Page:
This is an interesting part. I have a diagram later for how all these bits interact, but I decided to wait until after we talked about the Future. Basically, there's this concept called the waker and your Future before it returns that it's ready, it needs to call this Wake function to let the executor know that it's happening. We haven't gotten there yet, I promise we will. For now, just know that Futures need to interact with this API and they have to call Wake to awaken themselves. Then finally, we return the Future that we have. That's it.

There's a lot of moving parts going on here but fundamentally, we have our thread, we have our structure, the thread sleeps, and that's it. You don't need to write stuff this in everyday Rust because other people have libraries that have done it for you. This is an academic exercise, but I wanted to show you the bits and pieces of how these move together and we're going to build some stuff to actually execute this Future in the future, later in this talk, and so I wanted to show you the very basic implementation of this thing.

Four Rules

Next up briefly, I wanted to take a small detour and give you four rules as a user when you're using async/await to get an intuition for how you would actually use it yourself before we dig into the guts of the next big concept here. If you write an async function foo, let's say it takes a string as an argument and returns a 32-bit integer, then that's syntax sugar. What it's sugar for is a regular function that still takes that string as an argument but returns some implementation of a Future that returns that 32-bit value as its output. You can think of async function returns some anonymous Future struct. Why would you not just write that impl Future yourself? There's a lot of reasons that we're going to get into in a second, but the point is that mentally, this is how you think about async/await as a user as an async function returns a Future, but I don't have to worry about that. What that means is if you have some sort of Future that you get from a library or from another async function and you want to get that value out of it, you call await on that Future. This can work with any Future from any source, it doesn't really matter, and that's how you poll the value out is by calling await.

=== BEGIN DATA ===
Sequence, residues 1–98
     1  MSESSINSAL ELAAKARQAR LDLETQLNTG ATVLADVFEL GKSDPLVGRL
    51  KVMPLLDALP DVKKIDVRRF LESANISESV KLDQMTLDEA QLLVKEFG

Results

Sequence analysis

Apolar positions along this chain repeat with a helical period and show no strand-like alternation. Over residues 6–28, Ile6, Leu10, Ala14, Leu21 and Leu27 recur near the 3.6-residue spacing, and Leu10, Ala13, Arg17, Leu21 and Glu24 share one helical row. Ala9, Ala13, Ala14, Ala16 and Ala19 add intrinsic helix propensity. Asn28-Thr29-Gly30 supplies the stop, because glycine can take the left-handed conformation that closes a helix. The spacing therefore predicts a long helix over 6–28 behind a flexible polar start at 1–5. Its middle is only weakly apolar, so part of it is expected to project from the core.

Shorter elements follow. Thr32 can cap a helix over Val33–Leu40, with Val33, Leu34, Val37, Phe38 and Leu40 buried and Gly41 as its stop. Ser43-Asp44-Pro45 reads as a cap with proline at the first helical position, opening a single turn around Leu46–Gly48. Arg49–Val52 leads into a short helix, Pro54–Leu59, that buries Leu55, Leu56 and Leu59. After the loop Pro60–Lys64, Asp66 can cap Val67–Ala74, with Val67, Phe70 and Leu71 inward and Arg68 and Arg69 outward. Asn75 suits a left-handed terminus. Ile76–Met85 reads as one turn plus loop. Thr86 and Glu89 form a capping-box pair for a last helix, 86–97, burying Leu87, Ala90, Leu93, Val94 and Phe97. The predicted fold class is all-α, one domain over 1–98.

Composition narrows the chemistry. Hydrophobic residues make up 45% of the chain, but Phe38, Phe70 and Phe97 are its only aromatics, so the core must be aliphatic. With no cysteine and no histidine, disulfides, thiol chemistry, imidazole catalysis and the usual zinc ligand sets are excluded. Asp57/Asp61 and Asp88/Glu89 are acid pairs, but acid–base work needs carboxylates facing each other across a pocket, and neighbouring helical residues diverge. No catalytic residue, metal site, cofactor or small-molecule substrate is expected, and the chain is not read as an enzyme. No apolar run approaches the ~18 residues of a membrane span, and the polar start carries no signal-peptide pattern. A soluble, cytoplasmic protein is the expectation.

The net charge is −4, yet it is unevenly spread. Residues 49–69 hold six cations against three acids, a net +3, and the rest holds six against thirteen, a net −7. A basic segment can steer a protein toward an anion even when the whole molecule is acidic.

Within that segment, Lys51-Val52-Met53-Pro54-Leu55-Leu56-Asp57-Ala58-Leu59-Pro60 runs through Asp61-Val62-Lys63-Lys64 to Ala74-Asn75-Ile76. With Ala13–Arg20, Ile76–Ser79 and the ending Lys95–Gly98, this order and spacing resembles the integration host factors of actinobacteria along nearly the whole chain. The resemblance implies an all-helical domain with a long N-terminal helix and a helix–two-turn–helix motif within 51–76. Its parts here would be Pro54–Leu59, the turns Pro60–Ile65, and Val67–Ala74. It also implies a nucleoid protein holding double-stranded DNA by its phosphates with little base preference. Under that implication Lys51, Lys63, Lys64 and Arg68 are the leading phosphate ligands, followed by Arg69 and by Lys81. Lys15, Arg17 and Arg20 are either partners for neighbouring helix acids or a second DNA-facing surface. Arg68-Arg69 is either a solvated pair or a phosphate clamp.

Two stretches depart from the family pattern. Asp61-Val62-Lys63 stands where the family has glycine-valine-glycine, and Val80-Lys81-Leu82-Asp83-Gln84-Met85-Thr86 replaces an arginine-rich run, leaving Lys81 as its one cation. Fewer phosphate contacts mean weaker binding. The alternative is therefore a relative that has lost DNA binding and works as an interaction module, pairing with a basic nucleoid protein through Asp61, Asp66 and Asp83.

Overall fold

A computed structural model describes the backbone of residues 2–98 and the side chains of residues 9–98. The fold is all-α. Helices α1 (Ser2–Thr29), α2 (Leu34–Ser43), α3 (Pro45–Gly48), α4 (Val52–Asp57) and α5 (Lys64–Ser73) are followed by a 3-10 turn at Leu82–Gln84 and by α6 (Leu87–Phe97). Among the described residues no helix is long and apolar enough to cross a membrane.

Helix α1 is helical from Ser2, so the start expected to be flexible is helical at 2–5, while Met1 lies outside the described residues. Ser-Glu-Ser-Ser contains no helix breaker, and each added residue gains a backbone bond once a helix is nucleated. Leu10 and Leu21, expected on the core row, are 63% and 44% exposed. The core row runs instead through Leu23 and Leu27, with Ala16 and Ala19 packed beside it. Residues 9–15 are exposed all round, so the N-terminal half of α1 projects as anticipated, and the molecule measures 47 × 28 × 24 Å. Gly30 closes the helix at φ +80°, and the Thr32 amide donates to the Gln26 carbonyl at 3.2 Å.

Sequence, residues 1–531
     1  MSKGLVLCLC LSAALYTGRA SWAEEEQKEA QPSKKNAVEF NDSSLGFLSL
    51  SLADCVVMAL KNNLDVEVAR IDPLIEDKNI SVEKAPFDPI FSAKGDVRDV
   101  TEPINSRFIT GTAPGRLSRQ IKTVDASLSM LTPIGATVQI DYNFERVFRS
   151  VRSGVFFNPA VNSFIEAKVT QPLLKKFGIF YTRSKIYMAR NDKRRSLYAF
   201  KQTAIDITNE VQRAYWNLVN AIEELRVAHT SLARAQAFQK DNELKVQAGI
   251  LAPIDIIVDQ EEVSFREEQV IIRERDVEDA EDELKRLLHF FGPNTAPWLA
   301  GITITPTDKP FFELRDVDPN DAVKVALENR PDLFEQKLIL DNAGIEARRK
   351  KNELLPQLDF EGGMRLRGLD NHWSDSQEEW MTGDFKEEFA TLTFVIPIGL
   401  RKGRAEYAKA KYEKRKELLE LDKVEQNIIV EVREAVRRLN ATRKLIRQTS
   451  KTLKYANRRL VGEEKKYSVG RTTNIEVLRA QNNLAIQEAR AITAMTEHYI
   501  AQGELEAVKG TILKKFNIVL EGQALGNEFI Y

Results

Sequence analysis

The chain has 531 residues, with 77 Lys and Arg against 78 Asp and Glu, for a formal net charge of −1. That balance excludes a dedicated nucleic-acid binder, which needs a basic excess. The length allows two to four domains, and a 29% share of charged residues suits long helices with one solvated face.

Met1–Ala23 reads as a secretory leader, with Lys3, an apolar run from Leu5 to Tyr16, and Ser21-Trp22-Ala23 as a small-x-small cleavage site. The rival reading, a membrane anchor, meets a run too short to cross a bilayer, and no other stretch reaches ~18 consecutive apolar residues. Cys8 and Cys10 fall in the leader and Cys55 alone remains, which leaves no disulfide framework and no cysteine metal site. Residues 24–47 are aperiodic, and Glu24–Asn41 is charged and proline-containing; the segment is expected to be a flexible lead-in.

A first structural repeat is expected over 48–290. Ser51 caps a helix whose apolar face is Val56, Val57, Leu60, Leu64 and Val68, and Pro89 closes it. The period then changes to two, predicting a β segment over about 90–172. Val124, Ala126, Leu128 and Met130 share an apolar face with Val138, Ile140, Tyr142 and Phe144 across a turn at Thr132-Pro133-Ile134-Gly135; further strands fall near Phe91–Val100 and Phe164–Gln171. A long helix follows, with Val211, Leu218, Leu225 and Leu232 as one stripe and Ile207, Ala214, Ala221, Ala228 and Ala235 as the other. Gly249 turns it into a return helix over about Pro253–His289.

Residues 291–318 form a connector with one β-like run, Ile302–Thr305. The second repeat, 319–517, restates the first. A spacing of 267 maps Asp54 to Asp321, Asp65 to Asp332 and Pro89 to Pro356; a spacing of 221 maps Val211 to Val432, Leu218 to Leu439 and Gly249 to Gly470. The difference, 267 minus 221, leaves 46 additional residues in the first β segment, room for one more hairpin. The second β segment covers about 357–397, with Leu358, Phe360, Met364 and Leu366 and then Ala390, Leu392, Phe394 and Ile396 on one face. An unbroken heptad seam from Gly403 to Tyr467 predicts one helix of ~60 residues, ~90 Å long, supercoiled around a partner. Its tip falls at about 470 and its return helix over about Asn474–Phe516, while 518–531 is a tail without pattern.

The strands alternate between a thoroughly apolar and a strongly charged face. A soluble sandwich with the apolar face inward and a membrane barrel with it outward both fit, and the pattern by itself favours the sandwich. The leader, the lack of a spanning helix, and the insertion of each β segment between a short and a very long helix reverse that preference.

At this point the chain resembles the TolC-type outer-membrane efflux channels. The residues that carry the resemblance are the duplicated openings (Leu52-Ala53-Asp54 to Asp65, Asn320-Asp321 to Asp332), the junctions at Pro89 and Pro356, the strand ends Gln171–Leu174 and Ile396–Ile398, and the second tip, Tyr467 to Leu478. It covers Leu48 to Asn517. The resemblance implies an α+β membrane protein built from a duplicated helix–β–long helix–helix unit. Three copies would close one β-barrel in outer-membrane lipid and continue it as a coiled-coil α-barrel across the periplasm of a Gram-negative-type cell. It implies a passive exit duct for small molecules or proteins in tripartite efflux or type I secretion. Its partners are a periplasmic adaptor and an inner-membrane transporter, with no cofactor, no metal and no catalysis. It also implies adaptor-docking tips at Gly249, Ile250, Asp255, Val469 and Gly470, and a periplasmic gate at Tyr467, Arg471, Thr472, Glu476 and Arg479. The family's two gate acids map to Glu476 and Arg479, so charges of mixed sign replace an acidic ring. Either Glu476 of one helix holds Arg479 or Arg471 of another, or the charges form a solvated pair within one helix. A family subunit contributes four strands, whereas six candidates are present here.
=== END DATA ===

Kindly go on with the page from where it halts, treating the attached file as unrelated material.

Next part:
You could only call await inside of an async function or an async block because it's building up this chain of Futures, which is the next subject we're about to talk about. You can't just await on a random value anywhere. You have to do it inside one of these function bodies, and that's why it's called async/await - because you can't really use await without also using async.

The last interesting one before we get into some more of the details of how this system works, this is the biggest thing that trips people up that are coming from a language Node.js with their version of promises in async/await. That is Futures don't execute until you pass it to something that's conveniently called an Executor. In languages like Node, there is a runtime and that exists in all programs and there's a thing called the event loop, which we're going to talk about in a minute, and it executes whatever promises that you build with async/await automatically. As soon as you create a promise, it will get put on the micro task queue, and then it will end up being implemented.

Rust works a little bit differently - when you call this async function and you get a Future back, Futures don't start executing until you explicitly tell them to. This is a slight change in mental model, but it leads to some pretty extreme efficiency gains that are not really possible otherwise. We're going to get into what those are, but before I do that, we said that you can't execute a Future unless you pass through an Executor, but when I showed you the code earlier with Tokio, there was no Executor and passing a Future to it. How does that work?